Make your own FingerPrints
To make our fingerprints, we first traced our hands on a piece of white paper. We then used an ink pad, and made fingerprints on corresponding with the finger outlines. Once dry, we began our investigation.
Fingerprints are Important
Fingerprints have been used by governments the world over for more than a hundred years and are still the most widely used form of identification.
Kids may already know about the identification use for fingerprints, but they will love to learn about the anatomical purpose of fingerprints. Without those one of a kind ridges, we wouldn't be able to grip things! Our fingerprints give our fingers the rough surface we need to create the friction that allows us to pick up a baseball or hold onto a pencil to take a test.
Kids will be interested to learn their fingerprints were on the tiny tips of their fingers long before they born, that they are 100% unique - no two people have exactly the same fingerprint. Explain how fingerprints are used to catch criminals and can also help to find lost children. Tell kids how fingerprints can leave an ‘invisible ink' of sorts that police can decode with special tools and equipment.
Fingerprints can last for years on an object if it is not cleaned after being touched. This can be observed easily on old silver. Pull out grandma's spoons or take a trip to the local flea market for a sample.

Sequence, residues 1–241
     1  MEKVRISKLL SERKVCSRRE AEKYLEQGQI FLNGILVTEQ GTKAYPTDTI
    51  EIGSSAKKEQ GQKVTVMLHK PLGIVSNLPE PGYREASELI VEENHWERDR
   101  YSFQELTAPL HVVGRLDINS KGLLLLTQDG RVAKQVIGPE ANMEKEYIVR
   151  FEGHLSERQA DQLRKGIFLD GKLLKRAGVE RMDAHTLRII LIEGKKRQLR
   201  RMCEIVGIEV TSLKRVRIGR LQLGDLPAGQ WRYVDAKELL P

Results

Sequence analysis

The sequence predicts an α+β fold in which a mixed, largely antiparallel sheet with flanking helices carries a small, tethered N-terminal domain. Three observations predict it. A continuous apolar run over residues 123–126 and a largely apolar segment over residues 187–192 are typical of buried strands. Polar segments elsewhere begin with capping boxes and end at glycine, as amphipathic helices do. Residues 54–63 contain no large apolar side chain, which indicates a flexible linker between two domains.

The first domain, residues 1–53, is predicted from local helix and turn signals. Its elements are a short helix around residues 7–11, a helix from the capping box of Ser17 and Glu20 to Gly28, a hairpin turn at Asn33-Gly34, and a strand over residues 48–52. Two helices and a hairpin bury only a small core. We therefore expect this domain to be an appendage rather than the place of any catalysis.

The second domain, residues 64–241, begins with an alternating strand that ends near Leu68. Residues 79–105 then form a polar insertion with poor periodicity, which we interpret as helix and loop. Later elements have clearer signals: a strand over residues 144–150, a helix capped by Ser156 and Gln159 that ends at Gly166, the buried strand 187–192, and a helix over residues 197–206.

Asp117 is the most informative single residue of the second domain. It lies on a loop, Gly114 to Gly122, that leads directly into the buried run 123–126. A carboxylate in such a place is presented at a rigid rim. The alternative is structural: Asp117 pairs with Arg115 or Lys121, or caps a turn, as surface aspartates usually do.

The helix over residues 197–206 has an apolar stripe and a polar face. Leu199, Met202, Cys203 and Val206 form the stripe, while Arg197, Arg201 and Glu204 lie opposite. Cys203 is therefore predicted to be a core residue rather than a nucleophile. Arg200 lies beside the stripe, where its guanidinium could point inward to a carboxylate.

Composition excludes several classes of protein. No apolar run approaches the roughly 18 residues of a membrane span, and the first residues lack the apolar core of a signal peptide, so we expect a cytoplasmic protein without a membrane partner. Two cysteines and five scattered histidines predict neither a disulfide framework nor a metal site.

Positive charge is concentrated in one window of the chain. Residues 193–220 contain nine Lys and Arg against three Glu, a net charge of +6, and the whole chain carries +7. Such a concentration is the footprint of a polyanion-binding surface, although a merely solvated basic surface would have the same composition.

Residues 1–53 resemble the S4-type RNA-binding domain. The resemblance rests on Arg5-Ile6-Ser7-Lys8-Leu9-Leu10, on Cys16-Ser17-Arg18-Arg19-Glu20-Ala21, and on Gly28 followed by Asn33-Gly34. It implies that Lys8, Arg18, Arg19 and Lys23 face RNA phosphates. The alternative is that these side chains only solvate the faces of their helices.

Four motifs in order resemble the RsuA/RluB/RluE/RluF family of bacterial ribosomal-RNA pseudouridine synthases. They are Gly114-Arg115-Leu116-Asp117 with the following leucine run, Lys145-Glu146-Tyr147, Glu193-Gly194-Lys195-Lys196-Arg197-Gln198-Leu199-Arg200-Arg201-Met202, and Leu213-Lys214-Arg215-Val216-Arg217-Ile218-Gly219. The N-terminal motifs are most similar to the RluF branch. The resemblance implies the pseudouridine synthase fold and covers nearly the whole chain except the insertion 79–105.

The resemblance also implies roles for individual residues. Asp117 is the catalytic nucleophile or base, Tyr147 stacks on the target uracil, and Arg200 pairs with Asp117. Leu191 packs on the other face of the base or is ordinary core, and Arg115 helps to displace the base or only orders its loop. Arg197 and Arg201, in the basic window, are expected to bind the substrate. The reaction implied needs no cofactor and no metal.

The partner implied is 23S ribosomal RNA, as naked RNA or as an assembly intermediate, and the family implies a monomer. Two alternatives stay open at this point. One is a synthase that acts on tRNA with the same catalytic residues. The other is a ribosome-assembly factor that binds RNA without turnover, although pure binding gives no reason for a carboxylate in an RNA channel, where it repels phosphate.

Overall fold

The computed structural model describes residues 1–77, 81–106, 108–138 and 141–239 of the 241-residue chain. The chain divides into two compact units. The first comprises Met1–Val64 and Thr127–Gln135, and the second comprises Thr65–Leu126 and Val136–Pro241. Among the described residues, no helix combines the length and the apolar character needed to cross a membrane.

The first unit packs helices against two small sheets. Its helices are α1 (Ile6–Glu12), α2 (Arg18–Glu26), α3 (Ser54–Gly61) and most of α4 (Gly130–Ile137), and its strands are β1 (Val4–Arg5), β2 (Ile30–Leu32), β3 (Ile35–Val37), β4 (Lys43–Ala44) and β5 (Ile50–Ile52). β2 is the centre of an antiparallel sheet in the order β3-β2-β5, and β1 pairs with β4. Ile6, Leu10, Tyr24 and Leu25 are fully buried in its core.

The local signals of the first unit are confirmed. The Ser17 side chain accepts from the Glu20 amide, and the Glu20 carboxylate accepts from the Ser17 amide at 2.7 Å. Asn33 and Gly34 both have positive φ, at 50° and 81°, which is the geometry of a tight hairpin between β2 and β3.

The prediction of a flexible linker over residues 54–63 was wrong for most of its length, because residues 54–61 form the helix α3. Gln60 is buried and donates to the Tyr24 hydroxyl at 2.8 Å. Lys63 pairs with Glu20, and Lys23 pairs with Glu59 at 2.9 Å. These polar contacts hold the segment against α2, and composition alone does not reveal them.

Types of fingerprints
Using a magnifying glass, discover your fingerprint type. Here are some examples of types of fingerprints.
Use the template (below) to create your own police badge. You can affix it to your shirt using rolled tape, or a safety pin. We colored ours with a yellow highlighter to obtain a bright yellow look, then added some gold glitter glue for a little sparkle. After the glitter glue had dried, we wrote in "Officer Allie" (our child's name).
Supplies Needed; Paper cup, black paint, red and black construction paper, glue, two wiggly eyes and a black pen
Cut out two ear shapes using the black construction paper, then cut out a tongue shape and draw a black line down the middle. Glue your ear shapes, tongue shape and wiggly eyes to your paper cup. Once they are dry, use your black paint to paint on spots for your Dalmatian.
This was a fun one to make. We painted our hands red, and then made thumb prints for heads. Once the paint was dry, we drew faces on our fire fighters, painted on little red hats, and used a black pen to draw on the hose. We opted to use glitter glue to make the water coming out of the fire hose, but blue ink will look just as good.
Directions: Help the children paint their hand black and make a hand print on a piece of paper. Provide art supplies for them to complete their police car.